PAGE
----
• Growing up in New York (especially Harlem) during the 1950’s and 1960’s and how that affected his self-identity.
  • Playing for Jack Donohue at Power Memorial High School.
  • The culture shock he encountered while he attended UCLA during the height of “Flower Power” era.
  • Playing basketball under the tutelage of Hall of Famer, and master strategist John Wooden.
  • His religious conversion to Islam and the subsequent change of his Christian name, Lou Alcindor.
  • His disastrous first marriage (an extremely honest and vulnerable chapter).
  • His playing days in Milwaukee.
  • His perspective on the infamous “punch” by Kermit Washington to Rudy Tomjanovich’s face.
  • The trade that sent him to the Lakers and playing during the “Showtime” era.

 

Kareem Abdul Jabbar is your quintessential renaissance man: intellectual, one of the best athletes of all time, and add to his resume, accomplished author. This a great book and easy read (unlike his other biography, Kareem which at times felt like a long laborious affair). It feels like you are sitting underneath  Kareem’s veranda at his house in Hawaii, listening to him tell these stories over a cup of organic tea and a joint. His pen game is highly eloquent, and Jabbar has quite a keen sense of observation for the time period he came of age in, and the historic events that he lived through. This book gets a solid A+ for being so engaging and thorough.

BM

 

 

profile pic b mick  Bobby Mickey is the alter ego of writer and poet Edward Austin Robertson. When he isn’t involved in some basketball related activity, actively looking for parties to deejay or venues to perform comedy, he can be found recording podcasts with Craig Stein at Fullsass Studios. Follow him on twitter @goodassgame. For booking inquiries, send contact info to thisagoodassgame@gmail.com. 

Sacred Hoops: A Book Review

 

Nothing that you may have read by or about Jackson makes any sense when you consider the utter train wreck that he helped facilitate during his days as the president of team operations for the New York Knicks. In fact, it is downright puzzling to witness a man–who at one time was considered one of the greatest active minds in basketball—shit on his own legacy in such a short period of time. From his awkward attempts at running a Twitter account, to his public breakup with Lakers co-owner Jeannie Buss, to his bizarre feud with Carmelo Anthony, things have been nothing short of cringe worthy for the Zen Master.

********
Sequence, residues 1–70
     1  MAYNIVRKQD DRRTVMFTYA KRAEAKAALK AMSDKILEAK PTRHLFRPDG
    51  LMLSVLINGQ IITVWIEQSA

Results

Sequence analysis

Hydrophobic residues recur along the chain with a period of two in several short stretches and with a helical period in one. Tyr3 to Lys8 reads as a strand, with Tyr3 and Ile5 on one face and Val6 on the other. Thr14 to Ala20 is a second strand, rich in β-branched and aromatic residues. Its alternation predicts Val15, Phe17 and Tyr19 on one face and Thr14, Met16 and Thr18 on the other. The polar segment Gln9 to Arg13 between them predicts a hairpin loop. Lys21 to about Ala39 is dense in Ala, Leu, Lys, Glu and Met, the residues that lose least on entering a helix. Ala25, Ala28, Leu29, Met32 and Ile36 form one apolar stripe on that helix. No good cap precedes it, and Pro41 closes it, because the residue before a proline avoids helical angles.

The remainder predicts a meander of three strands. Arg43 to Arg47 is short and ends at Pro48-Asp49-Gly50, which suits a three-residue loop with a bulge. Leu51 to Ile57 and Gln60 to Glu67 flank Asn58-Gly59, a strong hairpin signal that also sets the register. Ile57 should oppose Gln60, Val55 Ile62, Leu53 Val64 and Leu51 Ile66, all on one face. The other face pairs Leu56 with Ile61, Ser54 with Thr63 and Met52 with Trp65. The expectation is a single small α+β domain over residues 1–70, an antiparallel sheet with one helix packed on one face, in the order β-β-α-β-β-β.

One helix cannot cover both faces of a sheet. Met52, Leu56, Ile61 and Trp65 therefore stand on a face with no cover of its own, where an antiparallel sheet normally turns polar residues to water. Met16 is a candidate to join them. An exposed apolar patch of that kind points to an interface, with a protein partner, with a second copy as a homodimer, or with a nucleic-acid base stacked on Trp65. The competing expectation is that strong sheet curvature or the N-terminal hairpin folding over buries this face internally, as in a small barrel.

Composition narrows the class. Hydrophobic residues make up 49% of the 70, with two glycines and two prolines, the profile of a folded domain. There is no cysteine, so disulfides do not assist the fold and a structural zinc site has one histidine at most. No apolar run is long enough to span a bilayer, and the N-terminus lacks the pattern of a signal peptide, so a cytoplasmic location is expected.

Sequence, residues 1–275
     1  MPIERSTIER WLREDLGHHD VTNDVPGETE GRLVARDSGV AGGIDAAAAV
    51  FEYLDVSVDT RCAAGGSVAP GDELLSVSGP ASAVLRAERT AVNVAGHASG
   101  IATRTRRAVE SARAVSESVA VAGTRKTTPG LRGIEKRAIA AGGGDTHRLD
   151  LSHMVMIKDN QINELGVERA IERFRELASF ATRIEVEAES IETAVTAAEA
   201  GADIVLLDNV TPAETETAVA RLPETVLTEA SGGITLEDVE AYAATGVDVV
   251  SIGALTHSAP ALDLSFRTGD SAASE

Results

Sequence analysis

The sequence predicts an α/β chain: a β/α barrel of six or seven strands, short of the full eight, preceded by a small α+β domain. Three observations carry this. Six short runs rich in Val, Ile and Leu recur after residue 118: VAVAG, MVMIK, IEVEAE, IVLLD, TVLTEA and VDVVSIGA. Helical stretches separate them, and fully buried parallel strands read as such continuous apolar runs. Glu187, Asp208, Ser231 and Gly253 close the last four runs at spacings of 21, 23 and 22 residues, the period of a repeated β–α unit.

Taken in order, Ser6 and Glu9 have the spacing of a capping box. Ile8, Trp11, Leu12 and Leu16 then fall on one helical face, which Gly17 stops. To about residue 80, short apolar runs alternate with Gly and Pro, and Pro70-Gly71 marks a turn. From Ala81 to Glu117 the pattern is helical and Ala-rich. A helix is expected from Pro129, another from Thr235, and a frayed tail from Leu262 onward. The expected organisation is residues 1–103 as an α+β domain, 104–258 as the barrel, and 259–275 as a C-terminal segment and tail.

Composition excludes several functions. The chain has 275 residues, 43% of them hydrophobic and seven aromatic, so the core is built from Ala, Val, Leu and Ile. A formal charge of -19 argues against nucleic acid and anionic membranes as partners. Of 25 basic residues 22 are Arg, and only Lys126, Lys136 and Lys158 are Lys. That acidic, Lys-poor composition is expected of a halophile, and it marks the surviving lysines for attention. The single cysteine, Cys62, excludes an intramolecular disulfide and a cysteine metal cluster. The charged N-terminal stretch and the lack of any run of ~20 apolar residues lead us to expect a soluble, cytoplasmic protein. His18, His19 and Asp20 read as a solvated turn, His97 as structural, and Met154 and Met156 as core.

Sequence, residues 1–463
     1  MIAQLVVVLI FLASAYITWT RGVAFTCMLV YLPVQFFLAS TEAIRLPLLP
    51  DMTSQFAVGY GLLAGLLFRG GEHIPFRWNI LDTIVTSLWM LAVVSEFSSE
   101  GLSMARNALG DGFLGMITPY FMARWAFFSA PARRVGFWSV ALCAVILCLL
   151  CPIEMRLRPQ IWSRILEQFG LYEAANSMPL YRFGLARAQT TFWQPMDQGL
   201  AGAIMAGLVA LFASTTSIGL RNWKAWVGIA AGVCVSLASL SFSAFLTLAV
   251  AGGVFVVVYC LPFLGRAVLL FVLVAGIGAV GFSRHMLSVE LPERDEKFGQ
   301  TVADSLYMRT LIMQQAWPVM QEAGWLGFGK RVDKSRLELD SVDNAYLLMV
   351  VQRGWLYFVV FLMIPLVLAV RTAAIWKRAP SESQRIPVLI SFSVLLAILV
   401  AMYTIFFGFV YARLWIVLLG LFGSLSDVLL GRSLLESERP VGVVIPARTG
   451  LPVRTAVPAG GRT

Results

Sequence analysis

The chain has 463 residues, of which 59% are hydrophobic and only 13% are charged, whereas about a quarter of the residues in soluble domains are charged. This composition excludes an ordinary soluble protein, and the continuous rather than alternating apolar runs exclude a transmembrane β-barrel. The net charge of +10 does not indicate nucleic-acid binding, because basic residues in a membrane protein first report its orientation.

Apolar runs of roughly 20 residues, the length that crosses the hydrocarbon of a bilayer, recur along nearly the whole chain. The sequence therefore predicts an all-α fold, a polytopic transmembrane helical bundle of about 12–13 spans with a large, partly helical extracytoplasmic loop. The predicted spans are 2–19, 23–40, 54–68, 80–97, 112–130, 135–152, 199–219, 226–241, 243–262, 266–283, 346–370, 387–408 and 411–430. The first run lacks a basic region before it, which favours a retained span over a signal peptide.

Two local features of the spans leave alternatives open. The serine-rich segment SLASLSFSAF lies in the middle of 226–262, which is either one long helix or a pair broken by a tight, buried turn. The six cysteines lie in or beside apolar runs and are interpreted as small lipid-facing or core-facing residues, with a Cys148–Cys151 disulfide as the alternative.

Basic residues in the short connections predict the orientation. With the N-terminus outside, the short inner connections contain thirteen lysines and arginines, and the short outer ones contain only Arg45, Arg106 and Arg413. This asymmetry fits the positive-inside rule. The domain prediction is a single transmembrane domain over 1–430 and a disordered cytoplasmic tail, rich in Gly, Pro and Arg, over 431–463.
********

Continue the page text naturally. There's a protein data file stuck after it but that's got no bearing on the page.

I’ve written extensively about Phil Jackson’s coaching acumen and his basketball I.Q. when I reviewed Crazy Basketball and More Than a Game, and I felt compelled to write about him again because why not? His insistence alone on espousing the basketball purity of the “Triangle Offense” is reason enough to doubt Jackson’s reasoning. You would think that someone who believes that impermanence is a fundamental fact of life (you can’t step into the same river twice) would be able to adjust with the times. But no. Phil fucked it up for everyone, and my boy, Alex Knapp called it the very first day that the Knicks introduced Derek Fisher as the next New York head coach (wow doesn’t that seem forever ago?).

I can’t say that this book has more to offer than Maverick, or More Than a Game, it details the beginning of his coaching career, when (much like Luke Walton) his playing career was cut short by injuries. Jackson notes that sitting next to the legendary Red Holtzman during games taught him a different way of looking at the game of basketball.

Jackson talks about the development of his personal beliefs in accordance with his own basketball philosophies. Raised Pentecostal, he grew to embrace a Zen Christianity form of religion, and used that to help teach his viewpoints about basketball, invoking phrases like “Chop Wood, Carry Water”, “Don’t let anger cloud the mind”, and “awareness is everything”. 

When Phil discovered Tex Winter’s “Triple Post” Offense, he felt that it encompassed everything he wanted to teach to his basketball players, that it was a structure that could empower everyone on the floor, and that it employed the seven principles of a sound offensive strategy.

The book does a great job of taking the reader through Jackson’t time coaching in the Puerto Rican Superior League and for the CBA’s Albany Patroons, where he experimented with his lineups and personnel. He played two five man units in eight minute intervals, with the best playing five guys in the final eight minute quarter. Interestingly enough, each player was paid the exact same wage, which is something a team could only get away with in a non-NBA league back then.

It is a pretty enjoyable read, and if one can somehow forget that any of the post Lakers era stuff happened, then it is easier to read Jackson talk about the philosophy of mindfulness without a bit of cynicism creeping in. It’s hard to not laugh when reading Jackson tell a player that the “power of we is stronger than the power of me.” knowing that he made Melo’s final season as a Knick a living hell. 

I suggest that any basketball fan, or aspiring coach read this book, but to also take everything with a grain of salt. I don’t know whether to think Phil Jackson is a genius, a guru, a huckster, or a hypocrite. I can say however, that he is one of the more compelling characters to make an impact in the NBA, and this book is just another example of this fact.

B +

 

BM